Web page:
BBS Architects Engineers

219 Eighth Awarded LEED Gold Certification

August 14, 2018

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This building reaffirms EMC’s commitment to sustainable design and investment in downtown Des Moines. Their employees have access to public transportation, an enormous network of bike lanes and trails, and a walkable neighborhood with shops, amenities, and residences. The design includes conservation measures which will reduce the building’s annual energy use by nearly 40% and reduce annual water usage by over 35%.

The new four-story building is designed to be contextually compatible with the existing EMC campus buildings at 717 Mulberry and 700 Walnut. The plans include below grade parking, tenant space on the north half of first floor facing Walnut Street, and EMC’s printing and mail functions located on the south half of first floor. A new skywalk concourse and atrium are included on the second level along with a new wellness facility. The third floor will include conference rooms, collaboration space and a new auditorium.  Fourth floor includes additional office space.  The penthouse at fifth level includes mechanical and electrical systems.

Even before deciding to pursue LEED Certification for the new building, EMC and the design team identified some key sustainable design strategies to be implemented in the building.

First and foremost, EMC reaffirmed their commitment to growing their presence in downtown Des Moines. In the past decade, Des Moines has seen a number of other businesses leave downtown and move their offices to the western suburbs of the metro area. EMC’s decision to expand in downtown on a previously developed urban site has a number of benefits to their employees and the greater community. The location of the new building offers employees access to public transportation, connection to an enormous network of bike lanes and trails, and a walkable neighborhood with shops, amenities, and residences nearby. By utilizing a previously developed urban site, the new EMC building does not take land away from wildlife habitats or Iowa’s vital agricultural economy.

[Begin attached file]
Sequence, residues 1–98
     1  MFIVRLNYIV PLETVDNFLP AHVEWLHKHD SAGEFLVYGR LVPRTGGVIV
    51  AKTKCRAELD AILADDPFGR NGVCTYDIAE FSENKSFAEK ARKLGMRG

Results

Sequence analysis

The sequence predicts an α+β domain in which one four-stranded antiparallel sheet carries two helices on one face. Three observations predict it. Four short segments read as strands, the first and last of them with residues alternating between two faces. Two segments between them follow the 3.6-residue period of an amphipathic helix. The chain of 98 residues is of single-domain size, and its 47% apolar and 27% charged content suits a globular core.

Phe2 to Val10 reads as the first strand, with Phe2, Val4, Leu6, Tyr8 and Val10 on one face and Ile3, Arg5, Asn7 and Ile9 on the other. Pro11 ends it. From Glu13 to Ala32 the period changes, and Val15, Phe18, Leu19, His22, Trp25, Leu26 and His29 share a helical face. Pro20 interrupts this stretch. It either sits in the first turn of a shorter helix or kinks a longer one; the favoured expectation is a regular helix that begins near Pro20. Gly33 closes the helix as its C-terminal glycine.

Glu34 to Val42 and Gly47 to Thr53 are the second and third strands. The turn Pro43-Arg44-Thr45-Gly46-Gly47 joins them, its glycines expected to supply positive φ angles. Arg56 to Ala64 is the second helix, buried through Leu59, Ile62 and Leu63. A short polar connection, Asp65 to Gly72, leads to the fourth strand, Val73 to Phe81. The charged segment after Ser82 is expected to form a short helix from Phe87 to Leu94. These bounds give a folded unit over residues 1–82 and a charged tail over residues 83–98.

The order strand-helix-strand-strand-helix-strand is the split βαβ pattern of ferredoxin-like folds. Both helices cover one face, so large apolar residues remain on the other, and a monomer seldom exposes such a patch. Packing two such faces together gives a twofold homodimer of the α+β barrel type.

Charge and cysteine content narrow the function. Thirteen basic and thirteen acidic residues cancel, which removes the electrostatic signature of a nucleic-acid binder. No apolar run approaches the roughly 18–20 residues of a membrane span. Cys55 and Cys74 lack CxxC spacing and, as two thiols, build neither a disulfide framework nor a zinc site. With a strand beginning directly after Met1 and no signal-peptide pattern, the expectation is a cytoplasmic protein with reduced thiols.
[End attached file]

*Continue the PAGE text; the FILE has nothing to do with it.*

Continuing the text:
Another key design strategy was to create a central mechanical plant to serve multiple buildings. By upgrading the heating and cooling mechanical systems of their adjacent 717 Mulberry building, EMC and the design team were able to find efficiencies (in both energy use and system performance) for both the new building and the existing building. Additionally, the creation of the central plant in the existing mechanical space of the 717 Mulberry building reduced the space required for mechanical systems in the new building.

The final example of a key sustainable design strategy for this building is the exterior envelope. EMC and the design team established that access to daylight, access to views, and occupant thermal comfort were all crucial to the success of the building. The exterior envelope features a unitized curtainwall system with triple-pane glazing and insulated spandrels. Large apertures for vision glazing allow views out into downtown and allow daylight into much of the building. Additionally, a large skylight over the skywalk concourse atrium is intended to bring daylight into that space to reduce the need for artificial lighting.

Learn More About This Project: EMC 219 Eighth Street

For More Information:

BBS Architects Engineers
Matt Cole, Architect | Partner

Design & Construction Team:
BBS Architects Engineers
Raker Rhodes Engineering
Civil Engineering Consultants
Neumann Brothers Inc.
Baker Electric
Waldinger Corporation

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